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Demo in support of Charlie Hebdo, photo supplied

Charlie Hebdo returns to Twitter with a strange tweet

The anti-Muslim and anti-Christian satirical weekly newspaper Charlie Hebdo returned Twitter after the terrorist attacks of January 2015 with a particularly nasty tweet, this time directed at themselves.

Published: May 5, 2018, 12:55 pm

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    “Following a technical incident beyond our control in #January2015, our presence on #Twitter has been temporarily interrupted. We return to the network, under your applause and encouragement to go and fuck our mothers.”

    The weekly tweeted the tasteless remark accompanied by a sketch, in which a dove of the same color as the bird logo of the social networking tool, leaves excrement on the Eiffel Tower in Paris.

    Charlie Hebdo’s last tweet was posted on January 7, 2015, on the day of the jihadist attack on the headquarters of the Paris printout that resulted in 12 editors and newspaper workers losing their lives.

    The sketch was by Onores, the cartoonist, who was killed in the assault along with other editors and cartoonists of the weekly, such as Wolinski, Kambi, Sarb and Tiniu.

    The satirical weekly had remained silent since the Kouachi brothers’ attack.

    In their first issue this year, the weekly complained about living in fear as well as a lack of funding. Previously, everything about the production of the paper was kept secret, including its location in Paris.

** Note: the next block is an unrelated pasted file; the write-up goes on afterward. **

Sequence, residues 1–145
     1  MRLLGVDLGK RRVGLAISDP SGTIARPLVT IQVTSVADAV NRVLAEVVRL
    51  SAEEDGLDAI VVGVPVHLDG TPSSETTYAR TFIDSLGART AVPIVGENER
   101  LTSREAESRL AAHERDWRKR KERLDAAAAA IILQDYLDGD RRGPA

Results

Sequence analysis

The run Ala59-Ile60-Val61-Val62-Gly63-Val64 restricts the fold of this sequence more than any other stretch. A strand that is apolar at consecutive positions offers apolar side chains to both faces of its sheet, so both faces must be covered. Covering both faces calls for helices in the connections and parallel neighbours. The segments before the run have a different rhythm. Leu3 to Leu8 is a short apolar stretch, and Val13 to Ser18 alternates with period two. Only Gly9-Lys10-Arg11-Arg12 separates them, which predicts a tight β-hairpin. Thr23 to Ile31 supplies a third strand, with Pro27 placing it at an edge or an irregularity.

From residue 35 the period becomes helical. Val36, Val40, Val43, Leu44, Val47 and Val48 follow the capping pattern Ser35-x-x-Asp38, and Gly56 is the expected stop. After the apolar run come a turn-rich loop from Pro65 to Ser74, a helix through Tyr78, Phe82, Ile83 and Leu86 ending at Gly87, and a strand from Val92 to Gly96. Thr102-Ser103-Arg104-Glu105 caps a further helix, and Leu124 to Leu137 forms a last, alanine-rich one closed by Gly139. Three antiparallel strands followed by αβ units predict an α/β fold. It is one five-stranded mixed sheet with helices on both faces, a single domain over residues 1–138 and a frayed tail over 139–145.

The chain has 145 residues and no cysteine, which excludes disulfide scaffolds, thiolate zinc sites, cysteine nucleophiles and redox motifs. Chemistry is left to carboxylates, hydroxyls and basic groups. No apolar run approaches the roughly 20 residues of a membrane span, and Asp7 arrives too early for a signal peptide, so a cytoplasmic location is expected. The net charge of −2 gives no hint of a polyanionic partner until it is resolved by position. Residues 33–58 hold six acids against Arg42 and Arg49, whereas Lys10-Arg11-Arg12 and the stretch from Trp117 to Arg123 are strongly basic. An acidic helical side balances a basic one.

But on the third anniversary of the terror attack, the magazine director and cartoonist Laurent Sourisseau, known as Riss, opened up on their severe security restrictions. The headline reads: “Three years in a tin can.”

    In his editorial, Riss writes about the astronomical cost of maintaining such tight security of hiring a private security firm, surveillance and special installations — including a panic room.

    Protecting their staff costs more than 1,2 million euro per year. “How long will Charlie Hebdo be able to sustain such a financial burden?” Riss asks.

    After the attack in 2015, Charlie Hebdo received overwhelming support in the form of new subscriptions, but according to some reports, sales have plummeted since then.

    Reporter Fabrice Nicolino spoke to staff members, who rely on security detail for trips and live in constant fear. Some keep hearing the clicking sounds the automatic assault rifles made when reloading on the day of the attack.

    Riss says freedom of expression in France, “this vital freedom, impossible to dissociate from our democracy, is becoming a luxury good like racing cars or diamond necklaces … which only the most wealthy media outlets will be able to enjoy in the future”.

    They have called on the French president, Emmanuel Macron to support them financially.

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